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Edward Rubin

7th Monarch
Who Done It? Or Was It Done At All?

L to R: Gretchen Hall as Miriam Hemmerick and Leslie Hendrix as Raina Briar in "7th Monarch," a new play by Jim Henry at Theatre Row.

"7th Monarch"
Written by Jim Henry
Directed by Scott C. Embler
Set Design Shoko Kambara
Lighting D.M. Wood
Costume Design David Withrow
Theatre Row’s Acorn Theatre
410 West 42nd Street
New York, New York
Tickets can be purchased online at Acorn Theatre website,
at the box office, or by Telecharge 212-239-6200, 800-239-6200
Schedule: Tuesday at 7 PM, Wednesday and Saturday at 3 PM & 8 PM,
Thursday at 8 PM, Sunday at 3 PM.
Play running from June 12 – September 9, 2012
Tickets $75.00
Reviewed by Edward Rubin, Thursday, June 22, 2012

Despite 7th Monarch’s familiar storyline – seen, all too often, on the stage, TV, and at the movies, and a number of quirkily embroidered disclosures stretched to the outer limits of believability by Chicago based playwright Jim Henry – my eyes and ears, and those of my date du jour, were riveted to the stage as we watched what is something of a who done it or was it done at all, unfold bit by bit. While some silly wags could dismiss the generic production as a ‘been there done that’ production, I personally loved spending the time with each of the play’s five characters. It was like being with family.

The play takes place in an “average- sized town in Indiana” in 1991, and has as many twists and turns as the rollercoaster in Coney Island. It begins mysteriously with the always wonderful Raina Briar (Leslie Hendrix) knocking on the door of Miriam Hemmerick’s (Gretchen Hall) home. After an excessive amount of mood-setting knocking, Miriam, seen running crazily from room to room, opens the door hesitatingly and Raina enters. Within a few minutes of strained verbal exchanges – most of Miriam’s are unintelligible – we learn that Raina is here to investigate a Social Security fraud case, and Miriam’s brain is not quite right.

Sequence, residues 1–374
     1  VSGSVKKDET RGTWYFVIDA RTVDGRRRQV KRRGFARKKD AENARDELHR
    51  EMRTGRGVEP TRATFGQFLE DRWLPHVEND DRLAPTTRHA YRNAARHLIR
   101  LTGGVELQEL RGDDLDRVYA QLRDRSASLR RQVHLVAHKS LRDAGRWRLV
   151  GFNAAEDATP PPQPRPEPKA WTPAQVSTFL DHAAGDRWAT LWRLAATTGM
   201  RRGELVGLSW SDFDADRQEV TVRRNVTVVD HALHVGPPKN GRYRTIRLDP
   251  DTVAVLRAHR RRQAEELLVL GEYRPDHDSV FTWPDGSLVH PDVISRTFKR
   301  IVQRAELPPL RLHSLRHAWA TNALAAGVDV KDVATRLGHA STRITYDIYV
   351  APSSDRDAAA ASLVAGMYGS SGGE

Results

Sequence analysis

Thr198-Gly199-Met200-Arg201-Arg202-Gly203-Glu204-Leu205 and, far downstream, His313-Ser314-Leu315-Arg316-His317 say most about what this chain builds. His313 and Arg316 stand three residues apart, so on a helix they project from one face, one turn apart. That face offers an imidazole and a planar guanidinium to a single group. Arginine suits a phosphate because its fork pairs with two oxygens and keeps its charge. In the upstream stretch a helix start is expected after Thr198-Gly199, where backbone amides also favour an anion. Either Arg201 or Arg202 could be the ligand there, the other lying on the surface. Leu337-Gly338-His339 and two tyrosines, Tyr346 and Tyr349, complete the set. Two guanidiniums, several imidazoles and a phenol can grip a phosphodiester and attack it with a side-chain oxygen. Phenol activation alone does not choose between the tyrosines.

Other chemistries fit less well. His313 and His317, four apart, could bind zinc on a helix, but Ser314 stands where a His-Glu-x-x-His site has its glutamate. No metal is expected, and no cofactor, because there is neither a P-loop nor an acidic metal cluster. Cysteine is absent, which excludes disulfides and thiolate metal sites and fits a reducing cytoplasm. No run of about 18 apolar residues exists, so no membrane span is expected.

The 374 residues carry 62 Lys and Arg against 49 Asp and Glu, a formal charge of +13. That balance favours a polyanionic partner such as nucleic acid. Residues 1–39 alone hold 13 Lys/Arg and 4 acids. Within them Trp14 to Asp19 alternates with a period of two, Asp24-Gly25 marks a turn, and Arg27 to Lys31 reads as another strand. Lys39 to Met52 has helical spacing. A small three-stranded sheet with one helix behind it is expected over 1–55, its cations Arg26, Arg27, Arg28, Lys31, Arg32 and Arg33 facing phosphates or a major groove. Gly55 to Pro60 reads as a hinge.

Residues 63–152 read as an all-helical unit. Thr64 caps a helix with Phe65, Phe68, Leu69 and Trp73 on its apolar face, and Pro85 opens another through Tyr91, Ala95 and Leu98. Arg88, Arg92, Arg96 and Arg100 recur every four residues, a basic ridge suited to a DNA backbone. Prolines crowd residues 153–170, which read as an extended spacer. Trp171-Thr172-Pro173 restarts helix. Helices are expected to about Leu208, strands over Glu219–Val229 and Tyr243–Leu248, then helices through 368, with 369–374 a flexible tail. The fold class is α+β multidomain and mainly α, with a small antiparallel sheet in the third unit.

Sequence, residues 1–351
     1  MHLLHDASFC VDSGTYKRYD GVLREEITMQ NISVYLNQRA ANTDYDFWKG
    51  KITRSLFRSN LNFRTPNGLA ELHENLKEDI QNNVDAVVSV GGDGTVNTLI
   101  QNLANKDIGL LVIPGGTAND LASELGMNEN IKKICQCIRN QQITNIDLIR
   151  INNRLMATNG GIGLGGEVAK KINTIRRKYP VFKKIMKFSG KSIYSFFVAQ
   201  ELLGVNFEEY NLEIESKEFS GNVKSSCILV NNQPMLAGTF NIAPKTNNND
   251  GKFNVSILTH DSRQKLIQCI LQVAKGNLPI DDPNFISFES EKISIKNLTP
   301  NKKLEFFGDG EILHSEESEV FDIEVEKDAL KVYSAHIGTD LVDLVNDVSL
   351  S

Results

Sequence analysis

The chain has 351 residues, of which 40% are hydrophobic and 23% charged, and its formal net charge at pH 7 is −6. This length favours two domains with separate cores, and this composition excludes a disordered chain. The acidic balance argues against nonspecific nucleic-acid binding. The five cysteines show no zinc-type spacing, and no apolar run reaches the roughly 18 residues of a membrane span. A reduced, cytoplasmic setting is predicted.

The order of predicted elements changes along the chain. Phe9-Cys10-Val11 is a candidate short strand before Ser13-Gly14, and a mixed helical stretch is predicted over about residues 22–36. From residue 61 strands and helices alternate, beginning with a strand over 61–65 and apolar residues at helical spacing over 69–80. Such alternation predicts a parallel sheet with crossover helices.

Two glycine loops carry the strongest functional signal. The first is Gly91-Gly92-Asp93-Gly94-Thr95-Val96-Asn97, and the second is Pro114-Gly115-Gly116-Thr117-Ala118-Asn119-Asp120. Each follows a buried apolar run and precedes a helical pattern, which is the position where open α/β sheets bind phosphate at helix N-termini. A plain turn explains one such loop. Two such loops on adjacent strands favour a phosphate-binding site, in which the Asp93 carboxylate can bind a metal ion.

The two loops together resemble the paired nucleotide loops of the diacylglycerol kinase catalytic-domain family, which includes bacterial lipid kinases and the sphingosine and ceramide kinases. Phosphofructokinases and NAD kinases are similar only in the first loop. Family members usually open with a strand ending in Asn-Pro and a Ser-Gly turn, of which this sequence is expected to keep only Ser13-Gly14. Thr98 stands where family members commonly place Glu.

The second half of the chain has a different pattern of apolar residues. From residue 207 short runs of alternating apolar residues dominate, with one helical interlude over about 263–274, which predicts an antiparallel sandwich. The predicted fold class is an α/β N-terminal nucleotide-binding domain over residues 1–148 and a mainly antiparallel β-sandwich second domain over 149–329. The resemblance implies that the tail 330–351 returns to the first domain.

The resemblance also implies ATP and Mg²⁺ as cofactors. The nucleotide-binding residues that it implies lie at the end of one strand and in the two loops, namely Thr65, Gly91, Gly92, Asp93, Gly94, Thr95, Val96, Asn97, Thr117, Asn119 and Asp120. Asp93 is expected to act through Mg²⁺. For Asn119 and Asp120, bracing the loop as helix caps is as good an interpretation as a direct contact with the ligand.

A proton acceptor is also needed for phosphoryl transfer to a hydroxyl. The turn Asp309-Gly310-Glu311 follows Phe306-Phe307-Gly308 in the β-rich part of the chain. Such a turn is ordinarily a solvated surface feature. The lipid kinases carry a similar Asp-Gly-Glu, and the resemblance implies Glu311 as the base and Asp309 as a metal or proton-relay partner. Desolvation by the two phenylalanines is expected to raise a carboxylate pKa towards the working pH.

With Miriam’s parents nowhere to be seen, the prime question ends up being, what happened to her parents. Her answer, like much of her indecipherable babblings, “the stars went into their mouths and into their lungs and they went away in the comet,” as well as her extremely strange behavior which baffles everybody, not exactly a cogent answer, leads to her being thrown into jail – one would think the loony bin would be more proper – as well as becoming the chief suspect in her parents possible murder. Soon enough Miriam and Raina, who slowly is becoming evermore sympathetic towards Miriam, are surrounded by the play’s 3 male leads, each one hoping to have the definitive say in determining Miriam’s fate.

Grey Collins (Matthew Humphreys), a caring, but mostly untried public defender is assigned to Miriam’s case. Kenneth Sharpe (Michael Rupert) a self-serving judge who needs a murder conviction to boost his chances for re-election – he wants Miriam convicted immediately, the sooner the better. Leo Garnes (Michael Cullen) is a world-weary detective on the brink of retirement. All he wants is to serve out his remaining days in peace and quiet. This being a small town – and we all know about small towns – everybody knows everybody’s business. Of course, each character has a play-changing secret which is a great part of the play’s fun.

All of the actors, beautifully directed by Scott C. Embler turn in compelling performances on a sparsely furnished, newspaper strewn set by Shoko Kambara. Like one happy family, they all seem to be enjoying themselves immensely. However, the success of the 7th Monarch (as written and need be acted) rests squarely on Miriam’s shoulders, a responsibility that Gretchen Hall, more than lives up to. Playing what appears to be a mentally disturbed person – a cross between a schizophrenic and an idiot savant – Hall’s finely calibrated, over-the-top, while still being sensitive, star-in-the-making performance, is stellar. I see good things in her future.

This said, we never really know, despite the play’s unconvincing ending in which the playwright attempts to explain everything in one fell swoop, whether or not Miriam is a certified schizophrenic, your everyday idiot savant, or the playwright’s imaginative conceit. The fact that much of what Miriam says throughout the play makes sense only to herself, that she remembers every newspaper article she ever read – an interesting ploy used throughout the play – and insists on wearing an astronaut’s helmet when shopping at the local supermarket, are just a few of the idiosyncratic, case-making clues, the playwright drops along the way.

Edward Rubin, based in New York City, writes on the arts, culture, and entertainment. He can be reached at erubin5000@aol.com.

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